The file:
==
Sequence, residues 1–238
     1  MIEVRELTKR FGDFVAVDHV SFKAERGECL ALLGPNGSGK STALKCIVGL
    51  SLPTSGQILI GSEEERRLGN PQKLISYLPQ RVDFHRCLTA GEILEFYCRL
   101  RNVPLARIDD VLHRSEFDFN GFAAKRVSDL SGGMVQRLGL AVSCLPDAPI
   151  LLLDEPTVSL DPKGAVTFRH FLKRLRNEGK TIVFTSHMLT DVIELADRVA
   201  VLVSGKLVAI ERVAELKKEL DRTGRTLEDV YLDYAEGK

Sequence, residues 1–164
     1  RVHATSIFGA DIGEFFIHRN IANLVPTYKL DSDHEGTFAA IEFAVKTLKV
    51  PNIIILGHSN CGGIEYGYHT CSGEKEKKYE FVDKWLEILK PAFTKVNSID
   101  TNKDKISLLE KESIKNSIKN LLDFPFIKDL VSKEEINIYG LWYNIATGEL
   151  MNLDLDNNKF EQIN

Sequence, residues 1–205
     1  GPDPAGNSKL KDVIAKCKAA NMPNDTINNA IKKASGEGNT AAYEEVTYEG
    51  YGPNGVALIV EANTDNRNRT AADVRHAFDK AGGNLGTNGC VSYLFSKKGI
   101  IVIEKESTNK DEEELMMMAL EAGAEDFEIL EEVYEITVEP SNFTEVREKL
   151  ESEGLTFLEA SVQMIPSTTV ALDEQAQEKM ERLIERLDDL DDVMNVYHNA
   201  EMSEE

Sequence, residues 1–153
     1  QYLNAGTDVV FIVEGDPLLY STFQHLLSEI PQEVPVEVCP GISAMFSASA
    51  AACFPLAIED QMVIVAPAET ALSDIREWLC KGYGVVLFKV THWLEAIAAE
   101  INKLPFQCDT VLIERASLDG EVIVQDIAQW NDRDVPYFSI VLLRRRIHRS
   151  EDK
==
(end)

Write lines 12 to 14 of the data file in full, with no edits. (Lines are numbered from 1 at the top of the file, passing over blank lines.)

Sequence, residues 1–205
     1  GPDPAGNSKL KDVIAKCKAA NMPNDTINNA IKKASGEGNT AAYEEVTYEG
    51  YGPNGVALIV EANTDNRNRT AADVRHAFDK AGGNLGTNGC VSYLFSKKGI